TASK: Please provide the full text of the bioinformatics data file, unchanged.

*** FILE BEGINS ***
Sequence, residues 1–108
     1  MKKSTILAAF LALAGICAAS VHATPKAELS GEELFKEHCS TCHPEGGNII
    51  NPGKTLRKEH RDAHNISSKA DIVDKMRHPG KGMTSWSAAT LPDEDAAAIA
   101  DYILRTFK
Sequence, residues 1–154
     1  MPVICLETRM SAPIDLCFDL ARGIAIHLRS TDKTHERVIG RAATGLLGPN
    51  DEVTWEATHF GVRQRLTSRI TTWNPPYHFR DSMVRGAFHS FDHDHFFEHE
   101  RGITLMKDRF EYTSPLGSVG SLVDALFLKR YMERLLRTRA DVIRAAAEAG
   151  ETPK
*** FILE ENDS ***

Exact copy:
Sequence, residues 1–108
     1  MKKSTILAAF LALAGICAAS VHATPKAELS GEELFKEHCS TCHPEGGNII
    51  NPGKTLRKEH RDAHNISSKA DIVDKMRHPG KGMTSWSAAT LPDEDAAAIA
   101  DYILRTFK
Sequence, residues 1–154
     1  MPVICLETRM SAPIDLCFDL ARGIAIHLRS TDKTHERVIG RAATGLLGPN
    51  DEVTWEATHF GVRQRLTSRI TTWNPPYHFR DSMVRGAFHS FDHDHFFEHE
   101  RGITLMKDRF EYTSPLGSVG SLVDALFLKR YMERLLRTRA DVIRAAAEAG
   151  ETPK